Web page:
Lawyer and 9 men charged for $11m housing loan cashback scam

Wan Ting Koh
Reporter
Photo from Getty Images

SINGAPORE - Ten men, including one conveyancing lawyer, were charged for their alleged roles in four cases of housing loan cashback scam involving more than $11 million. 

Police said that the alleged scam, which occurred over 2014 and 2015, involved the artificial inflation of house prices to maximise bank borrowings to reap cashback. 

The accused are facilitators Bijabahadur Rai Shree Kantrai, 49, Sufandi Ahmad, 39, and Kok Chiew Leong, 46; nominee buyers Iswandi Yahya, 37, and Saiful Azri Ali Amat, 34; sellers Mohamad Hamzi Rabu, 49, and Lau Ai Geck, 63; sellers' property agents Mohamed Haron Hassan, 38, and Juma'at Johari, 39; and conveyancing lawyer Mohammed Lutfi Hussin, 53. 

Bijabahadur, Sufandi and Kok face cheating and forgery charges, with Sufandi facing seven additional charges for criminal breach of trust and and using a counterfeit stamp certificate as genuine, a breach of the Stamp Duties Act.

The two nominee buyers, Iswandi and Saiful, were each charged with one count of cheating, while property sellers Hamzi and Lau were each charged with one count of fraudulently executing a deed of transfer.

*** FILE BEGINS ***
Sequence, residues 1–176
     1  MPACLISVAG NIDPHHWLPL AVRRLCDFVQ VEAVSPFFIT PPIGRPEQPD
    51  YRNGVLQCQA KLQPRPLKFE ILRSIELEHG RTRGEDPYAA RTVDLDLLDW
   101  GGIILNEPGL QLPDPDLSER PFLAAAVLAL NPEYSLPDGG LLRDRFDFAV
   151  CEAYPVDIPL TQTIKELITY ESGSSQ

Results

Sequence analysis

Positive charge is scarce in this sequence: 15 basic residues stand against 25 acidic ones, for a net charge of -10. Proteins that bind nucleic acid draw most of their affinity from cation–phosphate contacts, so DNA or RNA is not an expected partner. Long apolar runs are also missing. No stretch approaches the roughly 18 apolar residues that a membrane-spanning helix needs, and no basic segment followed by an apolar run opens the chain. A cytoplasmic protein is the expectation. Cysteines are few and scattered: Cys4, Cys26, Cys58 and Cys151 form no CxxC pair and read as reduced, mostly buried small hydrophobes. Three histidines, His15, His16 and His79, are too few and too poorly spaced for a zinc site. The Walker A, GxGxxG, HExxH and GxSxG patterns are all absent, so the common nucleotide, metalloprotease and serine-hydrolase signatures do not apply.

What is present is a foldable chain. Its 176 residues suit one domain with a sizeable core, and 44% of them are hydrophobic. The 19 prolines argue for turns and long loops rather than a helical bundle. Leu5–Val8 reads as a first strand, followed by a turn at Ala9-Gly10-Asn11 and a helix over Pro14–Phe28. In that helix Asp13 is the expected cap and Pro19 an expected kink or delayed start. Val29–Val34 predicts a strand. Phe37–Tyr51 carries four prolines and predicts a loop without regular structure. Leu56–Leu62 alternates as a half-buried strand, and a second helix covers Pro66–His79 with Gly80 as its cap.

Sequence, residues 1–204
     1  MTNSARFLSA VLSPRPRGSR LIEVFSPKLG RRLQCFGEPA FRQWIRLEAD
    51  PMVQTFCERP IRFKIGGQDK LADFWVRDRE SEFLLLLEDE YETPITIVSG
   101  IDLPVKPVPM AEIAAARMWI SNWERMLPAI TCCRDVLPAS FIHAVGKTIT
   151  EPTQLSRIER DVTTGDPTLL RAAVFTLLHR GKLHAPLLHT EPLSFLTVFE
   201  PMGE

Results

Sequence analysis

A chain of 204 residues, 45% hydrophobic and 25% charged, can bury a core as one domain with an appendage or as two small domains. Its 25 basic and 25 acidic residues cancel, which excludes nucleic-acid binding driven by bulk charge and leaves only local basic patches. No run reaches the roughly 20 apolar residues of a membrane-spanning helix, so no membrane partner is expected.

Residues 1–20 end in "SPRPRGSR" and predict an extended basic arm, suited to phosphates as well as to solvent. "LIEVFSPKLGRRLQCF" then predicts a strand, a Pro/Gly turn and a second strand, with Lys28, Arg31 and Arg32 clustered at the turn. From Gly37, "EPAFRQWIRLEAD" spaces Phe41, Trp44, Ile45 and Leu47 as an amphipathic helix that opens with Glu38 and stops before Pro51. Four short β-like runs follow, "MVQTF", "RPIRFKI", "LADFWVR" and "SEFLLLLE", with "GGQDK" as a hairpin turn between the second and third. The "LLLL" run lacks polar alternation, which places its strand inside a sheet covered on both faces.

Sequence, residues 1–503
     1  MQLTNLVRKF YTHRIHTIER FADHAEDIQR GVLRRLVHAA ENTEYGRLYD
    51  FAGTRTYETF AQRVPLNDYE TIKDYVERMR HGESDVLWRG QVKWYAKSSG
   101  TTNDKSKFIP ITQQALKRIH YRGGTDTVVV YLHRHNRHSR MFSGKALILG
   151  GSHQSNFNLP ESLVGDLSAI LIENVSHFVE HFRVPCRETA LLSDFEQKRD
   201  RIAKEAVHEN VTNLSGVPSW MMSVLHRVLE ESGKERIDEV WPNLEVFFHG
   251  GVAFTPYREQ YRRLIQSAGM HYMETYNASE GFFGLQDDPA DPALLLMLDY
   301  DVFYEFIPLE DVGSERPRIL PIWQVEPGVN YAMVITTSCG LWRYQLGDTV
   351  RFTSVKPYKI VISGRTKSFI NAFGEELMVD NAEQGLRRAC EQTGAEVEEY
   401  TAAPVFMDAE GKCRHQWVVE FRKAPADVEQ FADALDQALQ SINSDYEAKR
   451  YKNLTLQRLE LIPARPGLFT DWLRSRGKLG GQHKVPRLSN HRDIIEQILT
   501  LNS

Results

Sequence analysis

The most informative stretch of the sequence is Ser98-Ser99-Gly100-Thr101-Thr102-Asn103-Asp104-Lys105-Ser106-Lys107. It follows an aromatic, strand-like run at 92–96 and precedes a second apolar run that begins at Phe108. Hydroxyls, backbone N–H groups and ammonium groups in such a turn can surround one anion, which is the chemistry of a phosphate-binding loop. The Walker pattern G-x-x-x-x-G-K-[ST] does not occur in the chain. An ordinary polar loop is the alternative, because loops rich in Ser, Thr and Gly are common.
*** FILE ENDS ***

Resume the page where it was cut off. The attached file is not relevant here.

Haron and Juma’at face one count each of conspiring with the sellers to fraudulently execute the deed of transfer. Lutfi was slapped with one charge of falsely certifying the correctness of an instrument, a contravention of the Land Titles Act. 

The facilitators arranged with the sellers and sellers’ property agents to buy their property at a pre-agreed price. 

However, an inflated price was used to apply for bank loans. After the sale, the sellers would return the facilitators any money they received in excess of the pre-agreed price. 

The facilitators also recruited nominee buyers and submitted forged income documents to the banks to get the loans. The scam was revealed when the nominee buyers defaulted on the loans. 

As a result of the forged income documents, a bank was deceived into disbursing loans amounting to $8,518,000 for three out of the four mortgage applications. The three properties were subsequently sold by the bank at a total loss of over $2,900,000. 

The total amount involved in the scam amounted to $11,398,000. 

All 10 accused will return to court in January. 

Other Singapore stories

Teen molested sister, offered BTS merchandise in return for sexual favour

'I will dig out your eye balls', says girl, 18, who assaulted younger colleague

PISA study: Singapore teen students more afraid of failure than global peers